The White House disavowed that statement Monday, saying it did not reflect the president's thinking. But McMaster confirmed that no Israeli leaders would join Trump in his visit to the wall - in line with long-standing American practice - and he declined to say whether Trump viewed the Western Wall as being part of Israel.

"That sounds like a policy decision," he said.

Current US policy is to treat East Jerusalem, where the wall is, as Israeli-occupied territory. Israeli troops seized the area around the wall in 1967 during the Six-Day War, and it has become a highly visible symbol of the disputed nature of Jerusalem, which Palestinians also claim as their capital.

Trump's new ambassador to Israel, David Friedman, paid a visit to the wall as one of his first acts after arriving in the country. And Trump promised repeatedly during the 2016 campaign that he would move the US Embassy to Jerusalem from Tel Aviv.

"He's in real danger of blowing up Jerusalem as an issue that divides rather than unites two of the Abrahamic religions," said Martin S. Indyk, a US ambassador to Israel under Clinton.

"That part of the visit needs to be handled with extreme care."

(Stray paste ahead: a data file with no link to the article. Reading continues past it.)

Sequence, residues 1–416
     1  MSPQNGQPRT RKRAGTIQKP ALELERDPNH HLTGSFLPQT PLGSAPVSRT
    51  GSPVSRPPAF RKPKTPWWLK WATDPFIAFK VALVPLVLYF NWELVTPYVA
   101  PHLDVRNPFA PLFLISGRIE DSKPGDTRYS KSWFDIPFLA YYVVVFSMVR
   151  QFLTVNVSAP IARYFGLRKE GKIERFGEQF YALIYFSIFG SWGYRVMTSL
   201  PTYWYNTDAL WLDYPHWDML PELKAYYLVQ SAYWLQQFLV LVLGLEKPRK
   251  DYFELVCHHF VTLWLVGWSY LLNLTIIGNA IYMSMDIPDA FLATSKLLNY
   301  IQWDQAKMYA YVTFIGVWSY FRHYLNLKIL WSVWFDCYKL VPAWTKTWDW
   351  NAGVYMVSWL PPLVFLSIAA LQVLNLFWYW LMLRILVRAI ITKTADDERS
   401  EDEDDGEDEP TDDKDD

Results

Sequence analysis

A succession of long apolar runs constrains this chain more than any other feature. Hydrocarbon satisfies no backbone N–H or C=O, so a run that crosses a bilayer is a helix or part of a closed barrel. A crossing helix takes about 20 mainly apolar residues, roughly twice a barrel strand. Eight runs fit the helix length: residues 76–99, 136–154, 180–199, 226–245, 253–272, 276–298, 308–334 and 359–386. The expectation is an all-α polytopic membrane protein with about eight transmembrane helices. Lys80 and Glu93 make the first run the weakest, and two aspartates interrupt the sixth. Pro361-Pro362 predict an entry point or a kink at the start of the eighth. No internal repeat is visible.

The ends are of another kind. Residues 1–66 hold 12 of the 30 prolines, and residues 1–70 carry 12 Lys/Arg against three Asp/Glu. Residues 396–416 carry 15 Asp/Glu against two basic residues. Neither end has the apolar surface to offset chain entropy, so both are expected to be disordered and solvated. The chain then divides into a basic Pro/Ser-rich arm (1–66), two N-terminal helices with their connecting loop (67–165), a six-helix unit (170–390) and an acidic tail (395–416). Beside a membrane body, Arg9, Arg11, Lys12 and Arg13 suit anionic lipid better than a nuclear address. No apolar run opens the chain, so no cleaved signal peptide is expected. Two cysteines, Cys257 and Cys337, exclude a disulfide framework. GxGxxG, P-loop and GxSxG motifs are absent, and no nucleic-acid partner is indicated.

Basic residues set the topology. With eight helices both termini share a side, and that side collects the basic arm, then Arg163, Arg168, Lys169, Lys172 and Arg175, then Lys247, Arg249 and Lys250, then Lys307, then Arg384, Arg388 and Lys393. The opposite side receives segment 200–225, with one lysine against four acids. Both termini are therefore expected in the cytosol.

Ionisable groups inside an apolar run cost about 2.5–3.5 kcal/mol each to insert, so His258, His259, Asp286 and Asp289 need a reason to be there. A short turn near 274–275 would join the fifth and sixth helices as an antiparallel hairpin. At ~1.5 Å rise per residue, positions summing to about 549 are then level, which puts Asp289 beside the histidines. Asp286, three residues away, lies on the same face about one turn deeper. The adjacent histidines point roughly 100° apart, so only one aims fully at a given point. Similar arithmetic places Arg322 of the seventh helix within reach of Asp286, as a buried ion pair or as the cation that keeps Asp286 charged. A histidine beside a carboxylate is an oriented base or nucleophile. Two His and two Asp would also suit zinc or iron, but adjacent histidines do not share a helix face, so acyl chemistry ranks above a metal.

Trump's disclosure of Israeli intelligence raises a separate set of issues. Netanyahu, who is determined to have a successful visit, is not likely to make an issue of this with the president, analysts said. But he will face intense pressure from his own intelligence services.

"For them, it is a question of how they acquire information and how they perceive threats against Israel," said Dennis Ross, who has advised several presidents on Middle East issues.

"This will inevitably produce a discussion about the ground rules."

Aaron David Miller, another longtime Middle East diplomat, said, "This will likely break crockery, jeopardising sources and additional information on ISIS operations."

But he added that Netanyahu "will see no reason to exacerbate the incident, and may well see some political advantage in giving Trump some cover and the benefit of the doubt."